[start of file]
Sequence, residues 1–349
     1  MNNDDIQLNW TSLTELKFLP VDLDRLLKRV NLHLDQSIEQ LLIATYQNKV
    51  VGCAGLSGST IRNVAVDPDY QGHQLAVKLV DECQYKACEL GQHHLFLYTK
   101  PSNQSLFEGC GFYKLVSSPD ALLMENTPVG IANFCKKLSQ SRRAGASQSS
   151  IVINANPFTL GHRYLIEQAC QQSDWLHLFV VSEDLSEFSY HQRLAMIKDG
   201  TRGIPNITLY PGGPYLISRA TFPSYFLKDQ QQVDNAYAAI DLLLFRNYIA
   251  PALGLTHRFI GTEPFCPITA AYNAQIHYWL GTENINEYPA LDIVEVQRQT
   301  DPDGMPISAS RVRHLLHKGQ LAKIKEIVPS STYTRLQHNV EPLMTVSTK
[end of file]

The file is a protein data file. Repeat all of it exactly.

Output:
Sequence, residues 1–349
     1  MNNDDIQLNW TSLTELKFLP VDLDRLLKRV NLHLDQSIEQ LLIATYQNKV
    51  VGCAGLSGST IRNVAVDPDY QGHQLAVKLV DECQYKACEL GQHHLFLYTK
   101  PSNQSLFEGC GFYKLVSSPD ALLMENTPVG IANFCKKLSQ SRRAGASQSS
   151  IVINANPFTL GHRYLIEQAC QQSDWLHLFV VSEDLSEFSY HQRLAMIKDG
   201  TRGIPNITLY PGGPYLISRA TFPSYFLKDQ QQVDNAYAAI DLLLFRNYIA
   251  PALGLTHRFI GTEPFCPITA AYNAQIHYWL GTENINEYPA LDIVEVQRQT
   301  DPDGMPISAS RVRHLLHKGQ LAKIKEIVPS STYTRLQHNV EPLMTVSTK